A24’s Beef Challenges the Asian American Status Quo On-Screen

By: Maureen Linzaga
02/09/2024
en
Thumbnail courtesy of Ali Wong on Instagram.

May contain spoilers about A24’s Beef on Netflix.

The past decade has seen a significant emergence of Asian representation on screen from characters to directors who have all been paving the way to sharing stories of diaspora and culture. According to a collaborative study by the USC Norman Lear Center’s Media Impact Project and AAPI non-profit Gold House, the percentage of speaking characters who are Asian in top box-office films has risen almost five-fold, from 3.4% in 2007 to 15.9% in 2022.

In the ever-evolving landscape of Asian representation in film and TV, A24 stands out as a pioneer in challenging traditional narratives. Following the global success of Everything Everywhere All At Once (2022), and Minari (2020), A24’s Netflix dark comedy series Beef (2023), inspired by a real-life road rage incident experienced by creator Lee Sung Jin, offers a fresh perspective on complex Asian stories. 

With eight Emmy and three Golden Globes wins, Beef explores themes of anger, unconventional realities, and more, contributing to the evolution of more opening opportunities for bold, multi-dimensional Asian characters in the future.

Breaking Stereotypes in Beef

Notable films that featured Asian leads that have hit Western audiences in the past decade include the romance-comedy Crazy Rich Asians (2018), and the superhero Marvel film Shang-Chi (2021). Although both are wonderful productions, the films do however still perpetuate tropes such as the “model minority myth” and “martial arts fighter,” which can keep Asian representation at a stagnance.

As the story follows Steven Yeun’s character Danny Cho, a troubled working-class Asian American, and his desperate actions to make money for his family, his character fully dismantles the “model minority myth.” This trope in media often subjects Asians to a higher level of academic and career success akin to that of their Caucasian counterparts.

Working as a contractor for blue-collar jobs and taking to crime to earn money (on top of swearing like a sailor), Danny’s personality is also a refreshing contrast against how Asian men are symbolically annihilated and emasculated, seen as weak and undesirable in media.

On the other hand, Amy Lau, played by Ali Wong, although a more affluent Asian American character, deconstructs the “lotus blossom” narrative that merely depicts Asian women as quiet and passive. She often expresses blunt dialogues and is involved in messy, manipulative circumstances.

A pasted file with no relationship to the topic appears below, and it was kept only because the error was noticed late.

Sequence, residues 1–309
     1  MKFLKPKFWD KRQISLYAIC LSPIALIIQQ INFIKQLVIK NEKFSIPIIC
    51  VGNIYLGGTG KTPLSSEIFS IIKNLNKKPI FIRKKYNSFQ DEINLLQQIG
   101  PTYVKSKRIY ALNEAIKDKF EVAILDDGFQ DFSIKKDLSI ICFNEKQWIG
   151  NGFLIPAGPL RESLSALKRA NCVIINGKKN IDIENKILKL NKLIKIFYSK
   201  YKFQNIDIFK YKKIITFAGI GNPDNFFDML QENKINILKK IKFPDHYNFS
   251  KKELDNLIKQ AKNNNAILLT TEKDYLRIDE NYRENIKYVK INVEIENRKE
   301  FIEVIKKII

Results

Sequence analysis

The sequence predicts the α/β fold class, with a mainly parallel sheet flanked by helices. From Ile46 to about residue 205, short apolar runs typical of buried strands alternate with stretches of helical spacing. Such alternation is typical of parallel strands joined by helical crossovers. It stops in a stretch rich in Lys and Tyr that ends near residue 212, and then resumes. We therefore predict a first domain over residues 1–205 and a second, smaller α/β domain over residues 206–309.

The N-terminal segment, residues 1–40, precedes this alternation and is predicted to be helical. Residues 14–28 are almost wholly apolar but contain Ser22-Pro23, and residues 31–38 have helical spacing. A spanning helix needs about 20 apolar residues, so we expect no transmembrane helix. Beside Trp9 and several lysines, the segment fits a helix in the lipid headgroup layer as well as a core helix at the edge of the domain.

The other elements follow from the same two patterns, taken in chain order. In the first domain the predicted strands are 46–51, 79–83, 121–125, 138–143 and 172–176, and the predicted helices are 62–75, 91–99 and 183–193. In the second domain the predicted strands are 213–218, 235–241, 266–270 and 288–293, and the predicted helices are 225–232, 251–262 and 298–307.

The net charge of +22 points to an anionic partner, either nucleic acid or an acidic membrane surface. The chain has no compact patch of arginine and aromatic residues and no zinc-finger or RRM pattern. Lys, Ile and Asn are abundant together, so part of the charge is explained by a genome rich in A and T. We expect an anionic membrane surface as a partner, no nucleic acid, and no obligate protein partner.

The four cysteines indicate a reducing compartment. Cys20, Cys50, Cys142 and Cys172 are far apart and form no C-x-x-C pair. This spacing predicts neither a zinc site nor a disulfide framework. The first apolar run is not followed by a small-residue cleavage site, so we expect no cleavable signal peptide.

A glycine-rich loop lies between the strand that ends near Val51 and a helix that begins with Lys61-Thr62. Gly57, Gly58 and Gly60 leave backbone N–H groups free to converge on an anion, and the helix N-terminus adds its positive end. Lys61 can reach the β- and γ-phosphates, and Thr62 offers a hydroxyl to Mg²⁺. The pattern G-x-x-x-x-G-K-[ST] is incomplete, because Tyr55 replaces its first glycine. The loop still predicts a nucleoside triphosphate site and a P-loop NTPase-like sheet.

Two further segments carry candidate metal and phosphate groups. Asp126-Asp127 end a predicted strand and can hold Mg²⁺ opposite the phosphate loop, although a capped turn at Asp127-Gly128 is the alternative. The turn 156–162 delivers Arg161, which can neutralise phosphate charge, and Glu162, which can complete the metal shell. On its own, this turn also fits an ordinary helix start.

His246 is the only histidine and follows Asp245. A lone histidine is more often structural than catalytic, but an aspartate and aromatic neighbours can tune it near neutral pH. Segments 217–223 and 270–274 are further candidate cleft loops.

As both leads get caught up in a heated road rage incident, their strong personalities, along with the socio-economic diversity within the characters, fuel each other as they take on fresh roles and situations yet to be seen from Asians in media.

Race-Centered Storytelling

The USC study adds that another representation component in media includes the centrality of race or ethnicity to the plot and storylines. This is characterized by the nuanced ways the characters’ personalities are shaped by their culture, as their ethnic backgrounds play an important role in the plot and understanding of their motivations.

Instead of simply mentioning a character’s ethnicity a couple of times or being roles that any other race could have played (e.g. Lara Jean in To All the Boys I’ve Loved Before (2018)), A24’s Beef features a story that directly intertwines with the characters’ ethnicities, and alienating such cultural factor would render the plot empty.

In Beef, Danny is motivated by financially recovering from his Korean migrant parents’ failed motel business that sent them back to Korea, along with buying his parents a new house in the U.S. These factors contributed to desperate decisions during his beef with Amy. On the other hand, Amy’s story portrays a more realistic experience of being a wife and addressing generational trauma from the lens of a Chinese child of immigrants who has seen her father cheat on her mother with a white woman.

“My mom, she wasn’t any better. She thought that talking about your feelings was the same thing as complaining.” – Ali Wong playing Amy Lau

In Danny’s life, the race-centered storytelling is elevated by geographical influences that affect his diasporic character. Halfway through the series, he seeks refuge in a church, experiencing an emotional breakdown during praise and worship. This portrayal reflects a realistic context for Korean Americans, particularly in California, where church and praise teams play a significant cultural role within Asian communities. This adds relatability to his character, showcasing vulnerability without succumbing to emasculating stereotypes.

Influencing Hard-Hitting Asian Narratives in Film and TV

Because of Beef’s unique, nuanced take on the Asian American experience, stories that both utilize and transcend Asian ethnicities have touched the hearts of global viewers and gained critically acclaimed recognition. As demonstrated by creator Lee Sung Jin’s vision, elevating Asian writers, directors, and individuals behind the camera ensures multi-dimensional characters that defy conventional, overplayed stories.

Initially, Danny and Amy seem to struggle with anger issues and project life’s challenges onto each other. Still, it becomes evident that their frustrations stem from cultural experiences and familial situations that constrain their emotional expression. The narrative skillfully explores their intricate lives, revealing the reasons behind their misplaced emotions.

As the industry evolves, embracing principles led by A24’s recent releases will pave the way for more powerful and unique Asian storytelling. By first prioritizing authenticity, creativity will inevitably follow, giving rise to a wave of exceptional films and TV shows that reflect diverse Asian experiences.

Interested in more stand-out AAPI stars from the 81st Golden Globes? Click here!